The NeXT sales people all had a common tale to tell. It's business as usual, Apple aren't interfering with them, it's WebObjects and OpenStep; forget the OS, that comes later. They are staying as an isolated unit working on selling WebObjects to enterprises.
Probably the biggest group of visitors were Apple employees. All were genuinely curious and openminded, looking to see what they had bought. For some, the questions were the ones that Apple had asked NeXT: is it multitasking, multithreaded, does it do protected memory? Basic, but things that System 7 wasn't good at. They wanted to see the user interface, see windows being dragged around, and ask about compatibility with System &, and where's the Unix hidden?
Some were interested in development, and there were also quite a few non-Apple developers with the same view point. We all did slider and text object demos over and over, and showed some a few lines of code. There was no resistance, and only a little puzzlement.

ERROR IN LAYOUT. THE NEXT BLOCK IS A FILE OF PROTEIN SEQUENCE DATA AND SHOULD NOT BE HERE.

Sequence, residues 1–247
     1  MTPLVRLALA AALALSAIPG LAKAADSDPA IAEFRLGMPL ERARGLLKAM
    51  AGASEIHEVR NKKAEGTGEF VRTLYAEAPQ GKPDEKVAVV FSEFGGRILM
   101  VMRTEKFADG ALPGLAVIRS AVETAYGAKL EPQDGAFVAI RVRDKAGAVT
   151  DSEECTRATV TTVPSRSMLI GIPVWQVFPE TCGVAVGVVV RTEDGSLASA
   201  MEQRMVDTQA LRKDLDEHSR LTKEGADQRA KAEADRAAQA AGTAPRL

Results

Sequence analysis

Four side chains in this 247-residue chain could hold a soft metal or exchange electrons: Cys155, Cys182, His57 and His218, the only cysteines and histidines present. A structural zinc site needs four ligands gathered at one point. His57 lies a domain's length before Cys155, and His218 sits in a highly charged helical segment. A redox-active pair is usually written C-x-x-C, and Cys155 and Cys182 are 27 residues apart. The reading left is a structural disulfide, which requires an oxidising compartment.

I would say that the mass of users have taken it very well. The emotional buy-in to Be is over; they have concerns, which vanish when they see the "more Mac than the Mac" NeXTSTEP UI. Most, including Apple employees, haven't grasped the scope of what they have bought.
Apple went to NeXT looking for a kernel (true). They came away with $400 million worth of something; Be asked for the same price and were turned down. NeXT had one compelling reason to buy: their OS was done. One amusing story about Be: one person sat through their presentation and at the end asked for a printout of the slides (BeOS doesn't print yet).
Apple haven't absorbed a number of important concepts yet: NeXTSTEP is Unix, and that is good. EOF is a real jewel, and turns database development inside out. Developing for NeXTSTEP is both much easier, and much harder than they think.
One booth member amused himself for the last couple of days by finding stands representing software developers, finding someone senior, and asking "will your product be ready to ship on Rhapsody?". If we had been running in depth developer seminars, we could have cleared the show floor of software exhibitors.
Most NeXT ISVs will be ready to demo at Apple's WWDC in May. Most Apple ISVs will wait for compatability to System 7, but some forward thinking groups will be well ahead by then. Adobe are rumoured to be committed to devlop, although I don't see Photoshop competing with TIFFany. Macromedia have the Virtuoso devlopers, and should be able to find the source code in time.
MacWorld was the first act; act two is set for the Apple WorldWide Developer Conference in May.